The costs from false diagnoses of breast cancer are “much higher” than previously documented, according to a new study published online on April 7, 2015.
2015 Study Abstract
Populationwide mammography screening has been associated with a substantial rise in false-positive mammography findings and breast cancer overdiagnosis. However, there is a lack of current data on the associated costs in the United States. We present costs due to false-positive mammograms and breast cancer overdiagnoses among women ages 40–59, based on expenditure data from a major US health care insurance plan for 702,154 women in the years 2011–13. The average expenditures for each false-positive mammogram, invasive breast cancer, and ductal carcinoma in situ in the twelve months following diagnosis were $852, $51,837 and $12,369, respectively. This translates to a national cost of $4 billion each year. The costs associated with false-positive mammograms and breast cancer overdiagnoses appear to be much higher than previously documented. Screening has the potential to save lives. However, the economic impact of false-positive mammography results and breast cancer overdiagnoses must be considered in the debate about the appropriate populations for screening.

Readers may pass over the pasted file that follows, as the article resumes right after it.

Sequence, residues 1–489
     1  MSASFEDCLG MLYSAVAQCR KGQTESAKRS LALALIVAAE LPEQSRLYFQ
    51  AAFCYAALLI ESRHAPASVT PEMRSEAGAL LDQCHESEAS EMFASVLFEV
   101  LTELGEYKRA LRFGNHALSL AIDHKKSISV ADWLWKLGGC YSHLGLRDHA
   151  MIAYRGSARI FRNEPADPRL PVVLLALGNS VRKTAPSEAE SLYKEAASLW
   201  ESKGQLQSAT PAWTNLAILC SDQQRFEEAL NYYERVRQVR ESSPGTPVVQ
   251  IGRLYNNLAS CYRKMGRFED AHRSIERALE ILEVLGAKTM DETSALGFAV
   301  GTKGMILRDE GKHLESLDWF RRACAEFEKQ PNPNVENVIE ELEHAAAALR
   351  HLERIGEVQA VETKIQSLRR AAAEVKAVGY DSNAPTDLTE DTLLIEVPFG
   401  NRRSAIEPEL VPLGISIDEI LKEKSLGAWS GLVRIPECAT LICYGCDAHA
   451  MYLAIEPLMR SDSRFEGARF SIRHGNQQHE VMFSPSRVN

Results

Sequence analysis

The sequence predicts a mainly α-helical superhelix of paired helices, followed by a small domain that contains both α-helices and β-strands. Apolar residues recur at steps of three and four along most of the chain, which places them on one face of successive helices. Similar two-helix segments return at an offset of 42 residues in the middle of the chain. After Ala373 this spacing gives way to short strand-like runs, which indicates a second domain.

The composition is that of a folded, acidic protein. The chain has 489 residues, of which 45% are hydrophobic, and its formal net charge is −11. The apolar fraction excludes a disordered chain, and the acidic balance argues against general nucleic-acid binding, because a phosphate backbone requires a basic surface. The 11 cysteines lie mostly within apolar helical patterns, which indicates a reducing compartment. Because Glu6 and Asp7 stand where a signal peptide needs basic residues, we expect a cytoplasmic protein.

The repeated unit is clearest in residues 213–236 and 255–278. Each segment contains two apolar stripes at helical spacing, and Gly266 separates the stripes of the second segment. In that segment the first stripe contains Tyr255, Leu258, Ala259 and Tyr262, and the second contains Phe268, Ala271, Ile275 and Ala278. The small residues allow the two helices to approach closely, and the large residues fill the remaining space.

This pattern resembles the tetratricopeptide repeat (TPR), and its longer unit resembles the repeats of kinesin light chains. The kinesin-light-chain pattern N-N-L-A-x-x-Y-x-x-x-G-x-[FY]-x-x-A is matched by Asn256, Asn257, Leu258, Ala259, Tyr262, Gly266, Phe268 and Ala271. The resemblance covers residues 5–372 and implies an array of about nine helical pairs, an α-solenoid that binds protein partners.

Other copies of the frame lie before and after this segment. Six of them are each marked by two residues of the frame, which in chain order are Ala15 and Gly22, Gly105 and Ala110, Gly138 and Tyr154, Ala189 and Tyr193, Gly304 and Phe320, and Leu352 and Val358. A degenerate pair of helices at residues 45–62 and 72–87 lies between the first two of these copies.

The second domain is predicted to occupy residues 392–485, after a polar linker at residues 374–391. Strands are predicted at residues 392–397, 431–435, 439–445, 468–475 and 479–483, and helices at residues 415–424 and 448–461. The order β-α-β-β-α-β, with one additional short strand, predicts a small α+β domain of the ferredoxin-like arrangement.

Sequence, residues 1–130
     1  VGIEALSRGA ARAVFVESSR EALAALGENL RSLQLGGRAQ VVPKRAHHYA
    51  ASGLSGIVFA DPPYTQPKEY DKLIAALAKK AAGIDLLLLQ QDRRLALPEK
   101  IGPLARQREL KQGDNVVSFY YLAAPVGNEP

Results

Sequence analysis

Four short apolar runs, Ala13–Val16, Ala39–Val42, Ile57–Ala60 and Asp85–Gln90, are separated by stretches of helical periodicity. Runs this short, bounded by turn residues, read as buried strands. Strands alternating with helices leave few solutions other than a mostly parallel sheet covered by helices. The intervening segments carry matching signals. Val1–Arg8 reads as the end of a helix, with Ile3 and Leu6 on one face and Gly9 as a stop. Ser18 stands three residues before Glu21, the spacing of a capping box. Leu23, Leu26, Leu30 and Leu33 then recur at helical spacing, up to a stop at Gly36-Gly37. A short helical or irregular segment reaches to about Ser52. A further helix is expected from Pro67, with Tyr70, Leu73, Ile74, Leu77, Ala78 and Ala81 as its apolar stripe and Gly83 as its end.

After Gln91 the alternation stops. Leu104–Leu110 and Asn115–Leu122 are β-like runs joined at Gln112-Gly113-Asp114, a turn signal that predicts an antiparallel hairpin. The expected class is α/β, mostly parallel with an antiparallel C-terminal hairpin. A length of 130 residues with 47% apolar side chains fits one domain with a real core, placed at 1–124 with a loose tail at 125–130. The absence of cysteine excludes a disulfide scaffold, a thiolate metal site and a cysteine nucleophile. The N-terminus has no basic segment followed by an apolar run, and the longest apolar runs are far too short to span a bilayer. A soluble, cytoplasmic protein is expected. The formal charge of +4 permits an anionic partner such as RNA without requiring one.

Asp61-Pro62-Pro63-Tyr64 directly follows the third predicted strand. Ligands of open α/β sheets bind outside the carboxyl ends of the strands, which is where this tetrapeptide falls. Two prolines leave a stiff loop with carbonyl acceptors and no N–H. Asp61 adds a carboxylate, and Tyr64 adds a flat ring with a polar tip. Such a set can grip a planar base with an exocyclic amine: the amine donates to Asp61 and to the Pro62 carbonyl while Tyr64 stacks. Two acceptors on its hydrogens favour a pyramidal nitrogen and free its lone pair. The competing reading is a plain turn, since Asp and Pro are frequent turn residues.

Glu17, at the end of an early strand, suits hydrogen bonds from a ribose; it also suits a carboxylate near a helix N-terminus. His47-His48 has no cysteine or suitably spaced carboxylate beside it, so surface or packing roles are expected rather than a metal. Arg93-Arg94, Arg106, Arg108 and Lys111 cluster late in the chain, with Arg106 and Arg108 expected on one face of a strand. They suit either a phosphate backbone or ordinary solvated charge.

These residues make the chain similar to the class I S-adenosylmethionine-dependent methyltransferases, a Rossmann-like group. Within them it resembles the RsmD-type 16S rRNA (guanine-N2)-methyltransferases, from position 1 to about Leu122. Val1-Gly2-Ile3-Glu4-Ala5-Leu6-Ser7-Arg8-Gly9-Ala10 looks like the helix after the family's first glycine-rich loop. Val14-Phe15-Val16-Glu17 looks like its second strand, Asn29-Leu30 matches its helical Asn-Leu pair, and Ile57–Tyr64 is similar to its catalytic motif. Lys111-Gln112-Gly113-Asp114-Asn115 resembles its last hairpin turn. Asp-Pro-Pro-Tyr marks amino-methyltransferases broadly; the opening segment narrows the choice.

Sources and more information
- Breast Cancer Overdiagnosis Costs $4 Billion, Says Study, medscape, April 08, 2015
- National Expenditure For False-Positive Mammograms And Breast Cancer Overdiagnoses Estimated At $4 Billion A Year, Health Affairs, doi: 10.1377/hlthaff.2014.1087, April 2015 vol. 34 no. 4 576-583, April 7, 2015.
- Breast cancer misdiagnoses cost $4 billion: Study, cnbc, 6 Apr 2015.